Results and Dividends
The Company’s profit for the financial year amounted to €40.6m. The Directors’ allocations and recommendations in respect of this amount were as follows:
Interim Dividend of €1.012 (2016: €0.943) per ordinary share paid
Increase in Profit Retained
Profit for the Financial Year
The Directors do not propose to declare a final dividend.
Directors’ and Secretary’s Interests
The Directors and Secretary had no interest in the share capital of the Company at 31 December 2017 and 2016.
Prompt Payments Act
It is Company policy to pay suppliers in accordance with the terms of the European Communities (Late Payments in Commercial Transactions) Regulations, 2002 and the Prompt Payments of Accounts Act, 1997.
To this end, the Company’s payment routines are designed to provide reasonable assurance against material non-compliance with the terms of the Regulations. The standard credit period is 30 days unless otherwise specified in contractual arrangements. Substantially all payments by number and value were made within the appropriate credit period as required. Consequently, the Directors are satisfied that the Company has complied with the requirements of the Act.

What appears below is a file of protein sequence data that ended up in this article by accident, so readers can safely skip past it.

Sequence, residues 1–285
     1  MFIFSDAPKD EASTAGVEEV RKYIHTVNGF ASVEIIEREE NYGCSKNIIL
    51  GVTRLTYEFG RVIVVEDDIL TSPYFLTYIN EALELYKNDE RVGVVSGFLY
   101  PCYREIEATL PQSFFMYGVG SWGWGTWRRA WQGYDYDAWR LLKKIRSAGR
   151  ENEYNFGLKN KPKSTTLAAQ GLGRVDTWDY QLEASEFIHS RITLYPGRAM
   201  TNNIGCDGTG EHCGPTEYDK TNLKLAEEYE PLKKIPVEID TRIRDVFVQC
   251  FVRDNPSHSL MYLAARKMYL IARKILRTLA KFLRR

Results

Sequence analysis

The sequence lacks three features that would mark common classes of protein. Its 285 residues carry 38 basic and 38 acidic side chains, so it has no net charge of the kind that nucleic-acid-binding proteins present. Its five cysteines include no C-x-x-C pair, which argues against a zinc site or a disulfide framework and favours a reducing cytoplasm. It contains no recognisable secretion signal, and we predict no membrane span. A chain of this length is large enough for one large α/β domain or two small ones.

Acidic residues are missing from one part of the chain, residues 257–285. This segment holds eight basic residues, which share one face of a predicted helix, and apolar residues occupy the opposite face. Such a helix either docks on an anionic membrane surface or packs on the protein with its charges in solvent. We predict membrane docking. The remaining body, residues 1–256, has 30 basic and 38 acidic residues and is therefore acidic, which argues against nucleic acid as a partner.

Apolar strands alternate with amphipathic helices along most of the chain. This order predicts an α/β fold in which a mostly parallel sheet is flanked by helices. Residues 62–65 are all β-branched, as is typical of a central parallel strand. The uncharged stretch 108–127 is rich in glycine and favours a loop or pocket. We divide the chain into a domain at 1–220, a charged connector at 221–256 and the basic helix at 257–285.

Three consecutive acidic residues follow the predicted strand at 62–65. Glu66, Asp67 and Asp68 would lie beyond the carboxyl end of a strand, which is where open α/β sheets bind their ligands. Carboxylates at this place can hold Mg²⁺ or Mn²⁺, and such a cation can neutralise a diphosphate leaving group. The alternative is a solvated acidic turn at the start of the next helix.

The names of the persons who were Directors at any time during the year ended 31 December 2017 are set out below.
(term of office expired 12 September 2017)
(appointed 29 September 2017)
Relations with Shareholders
The Chairperson, Chief Executive and management maintain an on-going dialogue with the Company’s shareholders on trading performance, future plans and strategic issues. Certain specified matters require the approval of the Minister for Transport and/or the Minister for Finance and on-going communication with the relevant Minister is maintained through their respective departments. The Chairperson reports to the Minister for Transport as required under Section 28 of the Harbours Act, 1996 and as required under the Code of Practice for the Governance of State Bodies.